8.1/10
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244 user 70 critic

La leggenda del pianista sull'oceano (1998)

A baby boy, discovered in 1900 on an ocean liner, grows into a musical prodigy, never setting foot on land.

Director:

Writers:

(monologue Novecento),

On Disc

at Amazon

Won 1 Golden Globe. Another 21 wins & 8 nominations. See more awards »

Videos

Photos

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Cast

Cast overview, first billed only:
...
...
...
Danny Boodmann
...
Jelly Roll Morton
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The Girl
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Farmer
...
'Pops', the Shopkeeper
Niall O'Brien ...
Harbor Master
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Mexican Stoker
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Neapolitan Stoker
Femi Elufowoju Jr. ...
Black Stoker (as Femi Elufowoja Jr.)
Nigel Fan ...
Chinese Stoker
...
Irish Stoker
Leonid Zaslavski ...
Polish Stoker
Bernard Padden ...
Boatswain

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Storyline

1900. Danny Boodmann, a stoker on an American passenger liner, Virginian, finds a baby abandoned on the ship. He names the child Danny Boodmann T.D. Lemon Nineteen Hundred '1900' and raises the child as his own until his death in an accident on the ship. The child never leaves the ship and turns out to be a musical genius, especially when it comes to playing the piano. As an adult he befriends a trumpet player in the ship's band, Max Tooney. After several years on the ship Max leaves, and tells the story of 1900 to the owner of a music store. Written by grantss

Plot Summary | Add Synopsis

Plot Keywords:

ship | 1900s | piano | pianist | jazz | See All (90) »

Taglines:

A beatiful story of a man who could do anything... except be ordinary. See more »

Genres:

Drama | Music | Romance

Motion Picture Rating (MPAA)

Rated R for language | See all certifications »

Parents Guide:

 »
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Details

Country:

Language:

|

Release Date:

28 October 1998 (Italy)  »

Also Known As:

La légende du pianiste sur l'océan  »

Box Office

Budget:

$9,000,000 (estimated)

Opening Weekend:

$39,200 (USA) (29 October 1999)

Gross:

$259,127 (USA) (10 December 1999)
 »

Company Credits

Production Co:

,  »
Show detailed on  »

Technical Specs

Runtime:

| (international)

Sound Mix:

Color:

Aspect Ratio:

2.35 : 1
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Did You Know?

Trivia

There was actually a registered ship named the SS Virginian which was built in 1904 and scrapped around 1954. The ship had one funnel with the Allan Liner's colors on it. The SS Virginian also had a vital part in the Titanic disaster in April 1912 as she was reported near the vicinity of the sinking and within radio contact. See more »

Goofs

The recording equipment used for making the record was clearly acoustic in nature, showing large horns. This type of recording was largely replaced in 1925 by electrical recording, using microphones. Yet the recording was made somewhere between 1927 and 1933, according to Tooney's story. Furthermore, the recording engineer played back the matrix immediately; this would have ruined the matrix, which was cut in wax. In those days, immediate playback was only possible using a 2nd set of equipment expressly for that purpose. See more »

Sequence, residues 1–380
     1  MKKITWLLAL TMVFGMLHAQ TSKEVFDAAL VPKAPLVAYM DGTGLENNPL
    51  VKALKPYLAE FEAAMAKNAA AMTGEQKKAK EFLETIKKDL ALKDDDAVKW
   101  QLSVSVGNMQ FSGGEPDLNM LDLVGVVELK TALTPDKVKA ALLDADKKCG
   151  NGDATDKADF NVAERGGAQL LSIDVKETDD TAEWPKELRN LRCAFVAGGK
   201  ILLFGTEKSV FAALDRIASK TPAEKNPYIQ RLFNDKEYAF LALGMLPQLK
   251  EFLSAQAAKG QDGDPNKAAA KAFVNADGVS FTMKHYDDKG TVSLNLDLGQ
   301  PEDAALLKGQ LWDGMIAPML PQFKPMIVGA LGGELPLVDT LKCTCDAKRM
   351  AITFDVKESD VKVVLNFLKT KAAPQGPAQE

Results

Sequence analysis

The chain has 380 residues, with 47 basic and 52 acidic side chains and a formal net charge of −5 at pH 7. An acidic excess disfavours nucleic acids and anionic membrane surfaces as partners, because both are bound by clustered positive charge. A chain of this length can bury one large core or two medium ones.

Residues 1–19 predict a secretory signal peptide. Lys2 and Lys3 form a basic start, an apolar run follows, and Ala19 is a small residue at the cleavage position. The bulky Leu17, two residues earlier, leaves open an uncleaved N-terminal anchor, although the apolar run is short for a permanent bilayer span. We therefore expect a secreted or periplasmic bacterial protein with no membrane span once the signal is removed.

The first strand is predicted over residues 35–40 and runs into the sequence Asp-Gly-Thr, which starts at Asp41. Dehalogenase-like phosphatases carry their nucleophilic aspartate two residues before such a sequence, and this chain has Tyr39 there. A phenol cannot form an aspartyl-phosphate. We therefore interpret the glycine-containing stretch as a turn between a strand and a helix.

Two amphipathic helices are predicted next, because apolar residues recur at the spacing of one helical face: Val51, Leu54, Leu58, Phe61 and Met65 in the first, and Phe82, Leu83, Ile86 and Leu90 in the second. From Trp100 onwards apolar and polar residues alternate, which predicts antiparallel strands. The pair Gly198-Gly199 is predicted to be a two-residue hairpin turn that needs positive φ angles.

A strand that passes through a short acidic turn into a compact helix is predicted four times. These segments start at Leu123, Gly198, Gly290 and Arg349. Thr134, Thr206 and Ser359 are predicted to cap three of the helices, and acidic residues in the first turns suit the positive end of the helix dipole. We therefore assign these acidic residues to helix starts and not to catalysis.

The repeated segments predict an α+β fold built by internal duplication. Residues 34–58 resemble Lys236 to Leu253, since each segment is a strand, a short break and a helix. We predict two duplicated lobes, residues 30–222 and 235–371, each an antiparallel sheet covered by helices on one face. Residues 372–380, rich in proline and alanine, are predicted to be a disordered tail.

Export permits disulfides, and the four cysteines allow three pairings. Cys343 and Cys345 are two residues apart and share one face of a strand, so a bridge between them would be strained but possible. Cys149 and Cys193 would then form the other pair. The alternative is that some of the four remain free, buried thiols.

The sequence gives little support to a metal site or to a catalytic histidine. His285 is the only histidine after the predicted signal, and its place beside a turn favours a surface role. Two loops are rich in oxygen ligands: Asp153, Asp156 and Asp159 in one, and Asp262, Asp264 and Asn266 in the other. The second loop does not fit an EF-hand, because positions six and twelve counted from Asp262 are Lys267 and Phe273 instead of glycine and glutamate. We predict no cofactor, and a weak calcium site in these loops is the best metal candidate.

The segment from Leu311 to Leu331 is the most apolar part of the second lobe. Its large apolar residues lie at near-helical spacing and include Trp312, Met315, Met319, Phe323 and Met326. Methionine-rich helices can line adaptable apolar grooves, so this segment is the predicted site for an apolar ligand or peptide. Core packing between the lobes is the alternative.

Quotes

[first lines]
Max: I still ask myself if I did the right thing when I abandoned his floating city. And I don't mean only for the work. The fact is, a friend like that, a real friend - you won't meet one again. If you just decide to hang up your sea legs, if you just want to feel something more solid beneath your feet - and it's then you no longer hear the music of the gods around you. But, like he used to say, you're never really done for, as long as you got a good story, and someone to tell it to. ...
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Connections

Featured in The 57th Annual Golden Globe Awards (2000) See more »

Soundtracks

Lost Boys Calling
(1998)
Music by Ennio Morricone
Lyrics by Roger Waters
Produced by Patrick Leonard
Performed by Roger Waters
Guitar solos by Edward Van Halen
Roger Waters appears courtesy of Columbia Records
Edward Van Halen appears courtesy of Warner Bros. Records Inc.
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Frequently Asked Questions

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User Reviews

 
Impressive
19 May 2004 | by (Luxembourg City, Luxembourg) – See all my reviews

Not a classic, but whoa, some of that piano playing just sweeps you right off your feet. Tim Roth is good as the handsome pianist Nineteenhundred and so is all the the rest of the cast. This cast also includes Clarence Williams III, presumably the grandson of Clarence Williams (the man who wrote the song "Basin Street Blues" one hell of a classic), as Jelly Roll Morton. This leads me on to one of the most impressive parts of the film where Nineteenhundred and Morton have a match to see who is the best pianist. There is some piano playing in this scene which will leave pianists with there mouths hanging open. Probably the best thing about this film is it's music. There are many rousing themes played throughout the film, especially the love theme played while Nineteenhundred kisses a girl he has fallen in love with, a simple yet very effective theme. Another thing that makes this film very good is the fantastic camera-shots, especially one of Nineteenhundred as he stands halfway across the plank which leads him from the boat to New York, undecided whether or not he should leave the boat and head for world-wide celebrity on land, or stay on the boat and remain unknown to anyone but the passengers. I have got to get myself the soundtrack to this film and you have got to see it somehow. Enjoy!


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